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Tension/Traction problem

  1. Oct 1, 2013 #1
    1. The problem statement, all variables and given/known data

    An accident victim with a broken leg is being placed in traction. The patient wears a special boot with a pulley attached to the sole. The foot and boot together have a mass of 4.0 kg, and the doctor has decided to hang a m = 6.9kg mass from the rope. The boot is held suspended by the ropes and does not touch the bed. Find the angle θ.

    Fgw(force of gravity on weight)= 68N
    m1(mass of foot and boot=4kg
    ∅= 17 degrees

    2. Relevant equations
    Fnet=ma
    Fnety=Tpicos∅+Tp2cosθ-Fgw
    3. The attempt at a solution

    I tried to find for the angle between the top rope and horizontal by doing the following;
    Fnety=Tp1cos∅+Tp2cos-Fgw
    Fnety=0
    68/68cos17=Tp2cosθ
    Fnetx=0
    Fnetx=Tp1sin∅+Tp2sinθ=0
    Tp2=Tp1sin∅/sinθ
    Plug tp2 into first equation
    68/68cos17=(68sin17/sinθ)*cosθ
    θ=36.501 degrees
    I'm not sure if this makes sense though and then a later part of the question asks, "what is the traction force?" and it states that the traction force must be pulling outward. Help please! http://puu.sh/4F63M.png [Broken]
     
    Last edited by a moderator: May 6, 2017
  2. jcsd
  3. Oct 1, 2013 #2

    tiny-tim

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    Hi Minusu! :smile:
    No: you have to decide which body you're adding the forces on.

    In this case, it's the forces on the boot (whose y components have to add to zero) …

    there are only two forces on the boot! :wink:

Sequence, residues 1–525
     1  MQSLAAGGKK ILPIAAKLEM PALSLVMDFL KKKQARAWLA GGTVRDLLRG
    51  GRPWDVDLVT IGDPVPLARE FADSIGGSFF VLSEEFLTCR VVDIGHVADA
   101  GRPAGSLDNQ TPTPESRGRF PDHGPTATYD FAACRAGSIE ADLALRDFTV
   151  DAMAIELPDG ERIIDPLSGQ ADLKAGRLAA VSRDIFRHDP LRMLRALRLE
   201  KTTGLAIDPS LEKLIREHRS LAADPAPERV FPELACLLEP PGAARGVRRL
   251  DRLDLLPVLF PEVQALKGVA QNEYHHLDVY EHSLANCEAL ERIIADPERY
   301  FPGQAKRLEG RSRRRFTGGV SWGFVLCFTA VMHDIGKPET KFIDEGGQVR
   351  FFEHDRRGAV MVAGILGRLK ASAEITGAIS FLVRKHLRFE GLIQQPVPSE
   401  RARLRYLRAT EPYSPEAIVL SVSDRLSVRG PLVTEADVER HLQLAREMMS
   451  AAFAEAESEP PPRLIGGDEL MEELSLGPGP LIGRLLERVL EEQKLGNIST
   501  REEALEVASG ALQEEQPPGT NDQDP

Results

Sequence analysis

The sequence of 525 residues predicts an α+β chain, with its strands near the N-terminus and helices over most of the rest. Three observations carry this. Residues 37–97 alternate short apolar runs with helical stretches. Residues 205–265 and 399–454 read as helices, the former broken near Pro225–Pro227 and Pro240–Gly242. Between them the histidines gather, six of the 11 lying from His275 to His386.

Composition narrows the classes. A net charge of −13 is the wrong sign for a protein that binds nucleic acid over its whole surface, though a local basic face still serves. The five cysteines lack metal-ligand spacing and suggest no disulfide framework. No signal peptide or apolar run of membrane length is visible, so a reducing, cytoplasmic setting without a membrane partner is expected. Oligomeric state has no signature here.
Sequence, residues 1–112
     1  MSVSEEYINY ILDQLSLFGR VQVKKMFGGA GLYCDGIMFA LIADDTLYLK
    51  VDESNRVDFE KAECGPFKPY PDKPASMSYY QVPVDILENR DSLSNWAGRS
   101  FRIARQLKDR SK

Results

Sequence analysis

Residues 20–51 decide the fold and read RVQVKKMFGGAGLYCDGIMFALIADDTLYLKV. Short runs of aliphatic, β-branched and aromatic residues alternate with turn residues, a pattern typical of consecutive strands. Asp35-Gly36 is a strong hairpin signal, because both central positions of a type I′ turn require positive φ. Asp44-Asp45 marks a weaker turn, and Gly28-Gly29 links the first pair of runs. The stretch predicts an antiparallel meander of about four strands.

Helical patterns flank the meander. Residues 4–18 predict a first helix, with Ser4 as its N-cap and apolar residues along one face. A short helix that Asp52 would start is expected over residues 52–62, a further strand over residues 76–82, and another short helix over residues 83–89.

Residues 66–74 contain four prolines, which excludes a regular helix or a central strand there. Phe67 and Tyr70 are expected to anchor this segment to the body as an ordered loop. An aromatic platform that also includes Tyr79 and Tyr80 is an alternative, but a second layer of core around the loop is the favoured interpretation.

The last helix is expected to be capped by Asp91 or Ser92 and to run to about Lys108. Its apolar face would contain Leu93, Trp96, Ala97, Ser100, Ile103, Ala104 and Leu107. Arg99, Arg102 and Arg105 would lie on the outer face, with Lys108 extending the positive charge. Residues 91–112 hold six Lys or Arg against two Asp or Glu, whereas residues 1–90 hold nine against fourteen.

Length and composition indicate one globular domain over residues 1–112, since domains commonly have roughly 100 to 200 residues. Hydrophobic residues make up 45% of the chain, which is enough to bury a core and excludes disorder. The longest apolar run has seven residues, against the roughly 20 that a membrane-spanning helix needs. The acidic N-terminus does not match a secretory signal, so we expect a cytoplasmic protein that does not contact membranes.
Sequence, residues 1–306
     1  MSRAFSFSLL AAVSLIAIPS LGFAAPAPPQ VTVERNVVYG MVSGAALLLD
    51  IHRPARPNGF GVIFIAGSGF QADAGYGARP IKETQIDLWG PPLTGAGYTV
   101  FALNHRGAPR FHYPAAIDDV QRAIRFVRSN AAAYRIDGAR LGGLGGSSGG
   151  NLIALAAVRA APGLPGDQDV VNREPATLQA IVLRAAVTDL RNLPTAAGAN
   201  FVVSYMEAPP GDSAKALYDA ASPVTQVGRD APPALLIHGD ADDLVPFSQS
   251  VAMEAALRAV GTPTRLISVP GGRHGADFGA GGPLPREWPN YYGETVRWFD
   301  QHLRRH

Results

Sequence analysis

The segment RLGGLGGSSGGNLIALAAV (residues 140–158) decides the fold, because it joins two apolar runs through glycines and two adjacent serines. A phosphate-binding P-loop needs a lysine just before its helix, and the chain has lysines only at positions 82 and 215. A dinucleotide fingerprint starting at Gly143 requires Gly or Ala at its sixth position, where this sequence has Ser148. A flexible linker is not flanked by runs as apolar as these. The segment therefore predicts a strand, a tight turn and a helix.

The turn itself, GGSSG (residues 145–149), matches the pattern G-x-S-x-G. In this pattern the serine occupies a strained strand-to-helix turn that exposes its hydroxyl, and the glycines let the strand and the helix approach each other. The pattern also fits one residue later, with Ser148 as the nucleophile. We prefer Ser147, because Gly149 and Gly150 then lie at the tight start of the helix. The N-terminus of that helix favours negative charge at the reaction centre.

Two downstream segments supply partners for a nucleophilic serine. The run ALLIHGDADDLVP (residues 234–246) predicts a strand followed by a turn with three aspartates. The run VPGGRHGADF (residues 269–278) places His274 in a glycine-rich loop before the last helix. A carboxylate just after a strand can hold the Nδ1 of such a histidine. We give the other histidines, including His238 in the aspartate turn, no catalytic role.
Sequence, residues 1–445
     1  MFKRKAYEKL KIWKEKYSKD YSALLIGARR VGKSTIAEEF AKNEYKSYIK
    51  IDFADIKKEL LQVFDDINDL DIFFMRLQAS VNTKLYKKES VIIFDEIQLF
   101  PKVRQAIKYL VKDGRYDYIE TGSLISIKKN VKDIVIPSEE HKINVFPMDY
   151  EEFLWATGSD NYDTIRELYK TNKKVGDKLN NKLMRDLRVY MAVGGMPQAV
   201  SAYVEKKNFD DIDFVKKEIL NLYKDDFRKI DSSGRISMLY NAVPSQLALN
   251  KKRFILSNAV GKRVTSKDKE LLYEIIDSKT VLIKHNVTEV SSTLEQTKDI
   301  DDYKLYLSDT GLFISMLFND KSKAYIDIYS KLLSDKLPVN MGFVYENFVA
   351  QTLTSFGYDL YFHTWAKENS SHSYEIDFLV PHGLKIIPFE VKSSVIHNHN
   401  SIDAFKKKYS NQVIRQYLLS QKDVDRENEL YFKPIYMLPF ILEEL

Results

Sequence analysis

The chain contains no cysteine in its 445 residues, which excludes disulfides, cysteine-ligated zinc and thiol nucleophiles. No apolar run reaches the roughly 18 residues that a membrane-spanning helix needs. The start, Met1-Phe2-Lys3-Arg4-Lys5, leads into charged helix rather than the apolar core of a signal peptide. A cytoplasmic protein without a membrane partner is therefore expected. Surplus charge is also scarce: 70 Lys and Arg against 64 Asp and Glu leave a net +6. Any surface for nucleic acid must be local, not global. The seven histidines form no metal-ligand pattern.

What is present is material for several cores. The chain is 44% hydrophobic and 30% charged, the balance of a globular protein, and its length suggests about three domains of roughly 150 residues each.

4. Oct 1, 2013 #3
    Would these two forces be the Fg on the boot and the tension of the ropes?
    So Fnety=-Fgboot+tp1cos∅+tp2cosθ=0
    39.2-68cos17/tp2=cosθ

    And then solve for the x direction so
    Fnetx=Tp1sin17+tp2sinθ=0
    68sin17/sinθ=tp2

    Plug into first

    39.2-68cos17/68sin17=tanθ
    θ=52.4
     
  5. Oct 2, 2013 #4

    tiny-tim

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    Hi Minusu! :smile:

    (just got up :zzz:)
    hmm … i've read the question again, more carefully, and i don't understand how that is compatible with "The boot is held suspended by the ropes and does not touch the bed." :confused:

    if the net traction force (ie the resultant of the two tension forces) is horizontal, then there's nothing to hold the boot up

    i suggest you try ignoring "does not touch the bed", and see if the computer accepts the answer that gives you

    so just solve for the angles needed for the resultant of the two tensions to be horizontal :smile:
     
    Last edited by a moderator: May 6, 2017
  6. Oct 2, 2013 #5

    haruspex

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    Think again about the vertical components of the tensions.
     
  7. Oct 2, 2013 #6

    haruspex

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    I don't see the difficulty. The upper part of the leg is to be taken as a horizontal weightless string. The patient touches the bed, of course.
     
  8. Oct 2, 2013 #7
    Thanks for all the help. I just solved for the angle. The tension in Tp1 and Tp2 is the same, so Fnety=Tp1sin∅+Tp2sinθ-Fg
    Fnety=0
    0=68sin17+68sinθ-39.2
    (39.2+68sin17)/68=sinθ
    .868=sinθ
    θ=sin^-1(.868)
    θ=60.3 degrees.
     
  9. Oct 2, 2013 #8

    haruspex

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    Looks good. Of course, strictly speaking, the leg is a rod with weight distributed along it. There will be a vertical force from the bed at the hip, so not all of the weight of the leg will be taken by the ropes. However, I don't think you have enough information to take that into account.
     
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